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Electricity in EU in 2022

Global Ranking: #18
60.3% #51 Low-carbon electricity
720.34 watts #45 Generation / person
276.28 gCO2eq/kWh #58 Carbon Intensity
0.5% net imports Electricity imports

In 2022, the EU's electricity consumption saw more than 60% derived from low-carbon energy sources, signifying a clear move towards sustainable practices. Nuclear power played a significant role in this trend, providing nearly 22% of the total derived energy. In contrast, fossil fuels accounted for close to 40% of the consumption, with gas and coal standing as the primary contributors at almost 20% and 16% respectively. Wind, hydropower, and solar energy also contributed substantially to low-carbon generation, accounting for approximately 15%, 10%, and 7% respectively. In terms of EU's electricity footprint, net imports of electricity made up a little over half a percent.


The EU can foster the expansion of already present low-carbon electricity generation by looking upon examples from successful counterparts. One such example is France, where nuclear energy accounts for over 60% of the electricity generation. Similarly, Denmark and Ireland have utilized wind energy to generate more than half and one-third of their electricity respectively. This shows that a significant increase in low-carbon electricity generation is achievable in the EU through the expansion of existing nuclear and wind energy capacity. Furthermore, the EU can also consider exploring solar power expansion, learning from countries like Chile where solar energy contributes to 17% of electricity production.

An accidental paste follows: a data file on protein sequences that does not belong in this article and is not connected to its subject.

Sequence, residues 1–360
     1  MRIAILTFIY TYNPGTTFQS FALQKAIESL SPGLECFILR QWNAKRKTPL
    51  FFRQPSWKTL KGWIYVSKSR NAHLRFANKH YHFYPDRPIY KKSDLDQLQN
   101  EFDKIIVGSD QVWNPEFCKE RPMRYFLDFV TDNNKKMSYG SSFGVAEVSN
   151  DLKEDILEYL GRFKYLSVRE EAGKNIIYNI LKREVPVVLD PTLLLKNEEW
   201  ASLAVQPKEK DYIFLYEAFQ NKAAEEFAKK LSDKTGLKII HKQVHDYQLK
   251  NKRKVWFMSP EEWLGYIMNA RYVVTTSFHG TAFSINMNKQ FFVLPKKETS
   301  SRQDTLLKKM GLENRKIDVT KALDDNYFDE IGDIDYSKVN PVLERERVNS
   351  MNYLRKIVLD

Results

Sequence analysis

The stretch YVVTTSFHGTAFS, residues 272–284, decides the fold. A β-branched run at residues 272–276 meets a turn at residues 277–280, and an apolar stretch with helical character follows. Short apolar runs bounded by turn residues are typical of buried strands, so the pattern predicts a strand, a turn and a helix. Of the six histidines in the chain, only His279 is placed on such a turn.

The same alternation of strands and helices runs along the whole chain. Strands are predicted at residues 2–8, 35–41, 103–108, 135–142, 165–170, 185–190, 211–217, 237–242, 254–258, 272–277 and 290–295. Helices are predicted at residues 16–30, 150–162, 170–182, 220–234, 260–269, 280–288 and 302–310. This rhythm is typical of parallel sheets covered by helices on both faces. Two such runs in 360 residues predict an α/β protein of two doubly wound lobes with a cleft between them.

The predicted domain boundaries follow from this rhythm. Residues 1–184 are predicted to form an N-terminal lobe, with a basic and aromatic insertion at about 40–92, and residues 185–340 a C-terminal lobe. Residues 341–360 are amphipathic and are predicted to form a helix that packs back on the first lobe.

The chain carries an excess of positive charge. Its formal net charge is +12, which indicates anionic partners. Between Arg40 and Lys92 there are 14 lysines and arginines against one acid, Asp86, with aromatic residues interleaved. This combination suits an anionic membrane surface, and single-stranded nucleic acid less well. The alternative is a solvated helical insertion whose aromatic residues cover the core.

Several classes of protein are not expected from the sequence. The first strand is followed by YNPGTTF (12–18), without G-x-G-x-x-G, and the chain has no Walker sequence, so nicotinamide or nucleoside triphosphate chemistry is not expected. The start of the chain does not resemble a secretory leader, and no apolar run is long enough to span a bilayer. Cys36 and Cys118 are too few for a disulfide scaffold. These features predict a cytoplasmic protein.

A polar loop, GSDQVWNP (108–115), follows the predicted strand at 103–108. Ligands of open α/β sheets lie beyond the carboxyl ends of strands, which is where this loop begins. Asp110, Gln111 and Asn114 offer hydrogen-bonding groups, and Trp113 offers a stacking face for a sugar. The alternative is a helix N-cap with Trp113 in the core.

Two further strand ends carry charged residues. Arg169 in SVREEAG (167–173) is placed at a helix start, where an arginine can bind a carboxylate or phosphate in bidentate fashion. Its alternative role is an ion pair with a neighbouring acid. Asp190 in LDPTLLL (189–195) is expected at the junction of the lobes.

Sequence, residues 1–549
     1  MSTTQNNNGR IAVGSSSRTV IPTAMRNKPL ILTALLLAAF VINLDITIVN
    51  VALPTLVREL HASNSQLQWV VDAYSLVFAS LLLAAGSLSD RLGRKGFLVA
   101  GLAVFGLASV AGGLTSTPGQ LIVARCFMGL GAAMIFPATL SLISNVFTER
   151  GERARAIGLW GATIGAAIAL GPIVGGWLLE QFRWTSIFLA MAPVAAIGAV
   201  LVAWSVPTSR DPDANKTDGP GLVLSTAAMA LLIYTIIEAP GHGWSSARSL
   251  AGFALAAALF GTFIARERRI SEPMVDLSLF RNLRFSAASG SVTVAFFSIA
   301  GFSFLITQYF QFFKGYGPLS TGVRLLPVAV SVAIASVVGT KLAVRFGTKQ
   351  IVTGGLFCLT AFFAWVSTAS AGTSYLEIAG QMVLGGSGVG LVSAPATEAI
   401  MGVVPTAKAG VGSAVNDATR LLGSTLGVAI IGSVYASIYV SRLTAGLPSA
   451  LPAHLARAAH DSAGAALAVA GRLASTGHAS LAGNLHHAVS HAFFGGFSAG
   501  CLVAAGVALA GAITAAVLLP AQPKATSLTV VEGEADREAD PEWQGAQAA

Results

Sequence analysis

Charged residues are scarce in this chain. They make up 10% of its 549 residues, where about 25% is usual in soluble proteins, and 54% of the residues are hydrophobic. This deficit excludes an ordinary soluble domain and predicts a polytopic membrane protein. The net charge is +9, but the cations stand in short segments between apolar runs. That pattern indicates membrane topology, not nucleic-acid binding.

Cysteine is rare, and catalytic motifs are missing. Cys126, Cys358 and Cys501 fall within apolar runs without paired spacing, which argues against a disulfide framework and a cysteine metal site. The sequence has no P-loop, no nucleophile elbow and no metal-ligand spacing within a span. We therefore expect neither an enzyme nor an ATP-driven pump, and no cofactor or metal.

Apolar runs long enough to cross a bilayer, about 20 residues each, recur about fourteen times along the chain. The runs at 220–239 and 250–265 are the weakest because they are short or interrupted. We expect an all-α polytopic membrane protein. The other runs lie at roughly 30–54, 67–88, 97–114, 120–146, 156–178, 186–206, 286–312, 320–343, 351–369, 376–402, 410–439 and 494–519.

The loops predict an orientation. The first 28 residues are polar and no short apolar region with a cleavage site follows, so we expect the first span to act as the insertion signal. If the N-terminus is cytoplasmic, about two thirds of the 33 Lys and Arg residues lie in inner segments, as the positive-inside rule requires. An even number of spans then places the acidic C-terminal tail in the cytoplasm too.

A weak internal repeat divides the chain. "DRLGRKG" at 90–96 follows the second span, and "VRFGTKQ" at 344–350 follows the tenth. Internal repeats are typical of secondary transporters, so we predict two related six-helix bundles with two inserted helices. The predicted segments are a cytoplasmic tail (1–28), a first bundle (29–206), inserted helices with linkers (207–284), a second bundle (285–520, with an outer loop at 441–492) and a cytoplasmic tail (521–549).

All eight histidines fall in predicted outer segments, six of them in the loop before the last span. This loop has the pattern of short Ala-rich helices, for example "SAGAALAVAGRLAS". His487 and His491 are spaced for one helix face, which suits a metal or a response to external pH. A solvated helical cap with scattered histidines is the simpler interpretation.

The history of low-carbon electricity in the EU has seen fluctuations, particularly in the nuclear energy sector which experienced high growth in the 1980s. The decade began with an increase of more than 80TWh in nuclear electricity generation in 1981, with a significant rise also being noted in 1984 and 1985. However, the turn of the century saw more volatility, with declines in nuclear generation seen in 2007, 2009, and significantly in 2020. The same period also noted fluctuations in hydroelectricity generation with several high and low years, emphasizing the inherent unpredictability of relying on climate-dependent resources. Despite the lows, the last two years showed a promising upturn, particularly marked by an increase in wind generation, thereby emphasizing the growing importance of this source in the low-carbon electricity mix.

Data Sources

The data sources are .